Vancouver began to moderate at the end of 2016, year-over-year figures have kept rising, due to home sales earlier in the year.

 

According to the release, the aggregate home price in the fourth quarter was still $1,230,718, an increase of 25.6% compared to the same period of the previous year. The aggregate home price is the average of the median prices for each property type: condominiums, bungalows and two-storey homes. 

 

Royal LePage found the median price of a condo in Greater Vancouver in the fourth quarter of 2016 was $529,912, a rise of 15% from the same time the year before. Meanwhile, the median price of a two-storey and a bungalow in Greater Vancouver rose to $1,604,757 and $1,386,240, an increase of 27% and 28.8 % year-over-year, respectively.

Across Greater Vancouver – and the whole of Canada – the biggest year-on-year home price rise was seen in West Vancouver. In the fourth quarter, aggregate price of a home in West Vancouver shot up by 32.8% to $3,573,148 compared to the same time the year before.

‘Sanity returns to the marketplace’

There is more good news for homebuyers on the horizon, as Royal LePage forecasts home prices across Greater Vancouver will drop 8.5% in 2017.

 

“It is expected that Greater Vancouver will experience a near double-digit correction in the new year, as sanity returns to the marketplace, causing the region to give back much of the appreciation witnessed in the first half of 2016,” said Ryalls.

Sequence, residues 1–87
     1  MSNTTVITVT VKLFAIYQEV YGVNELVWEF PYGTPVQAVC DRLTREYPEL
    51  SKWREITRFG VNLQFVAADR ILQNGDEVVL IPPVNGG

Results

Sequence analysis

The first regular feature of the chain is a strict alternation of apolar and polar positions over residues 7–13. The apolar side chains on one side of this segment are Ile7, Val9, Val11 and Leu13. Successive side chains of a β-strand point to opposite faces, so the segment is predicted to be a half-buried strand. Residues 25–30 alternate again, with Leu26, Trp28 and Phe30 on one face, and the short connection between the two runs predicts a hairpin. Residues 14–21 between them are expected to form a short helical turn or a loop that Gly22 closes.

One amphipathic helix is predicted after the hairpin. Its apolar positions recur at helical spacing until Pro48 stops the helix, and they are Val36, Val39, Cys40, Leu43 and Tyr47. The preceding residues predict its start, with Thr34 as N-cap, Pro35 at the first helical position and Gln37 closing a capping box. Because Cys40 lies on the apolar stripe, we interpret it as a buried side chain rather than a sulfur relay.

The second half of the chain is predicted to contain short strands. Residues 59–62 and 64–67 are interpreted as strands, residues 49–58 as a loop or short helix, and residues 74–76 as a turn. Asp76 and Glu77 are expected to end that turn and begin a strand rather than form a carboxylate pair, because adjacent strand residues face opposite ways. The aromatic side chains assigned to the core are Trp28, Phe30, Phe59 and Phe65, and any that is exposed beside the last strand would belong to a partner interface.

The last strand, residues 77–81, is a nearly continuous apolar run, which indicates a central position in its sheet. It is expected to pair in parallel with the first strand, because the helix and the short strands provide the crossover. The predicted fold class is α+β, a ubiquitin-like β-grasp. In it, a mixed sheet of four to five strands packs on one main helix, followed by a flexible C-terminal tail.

However, Ryalls said, conditions could worsen and prices could fall even further if buyers’ feelings about the critical lack of available housing does not change.

 

Royal LePage also predicts foreign investment in Greater Vancouver will keep falling due to the foreign buyers tax and new, stricter requirements on currency conversions in China.

Greater Vancouver home prices in Q4 2016

All data provided by Royal LePage.

 

Vancouver

Aggregate: $1,506,498

Condo: $647,286

Bungalow: $1,548,976

Two-storey: $2,603,250

West Vancouver

Aggregate: $3,573,148

Condo: $984,258

Bungalow: $3,052,483

Two-storey: $3,984,852

North Vancouver

Aggregate: $1,391,197

Condo: $508,217

Bungalow: $1,563,629

Two-storey: $1,690,473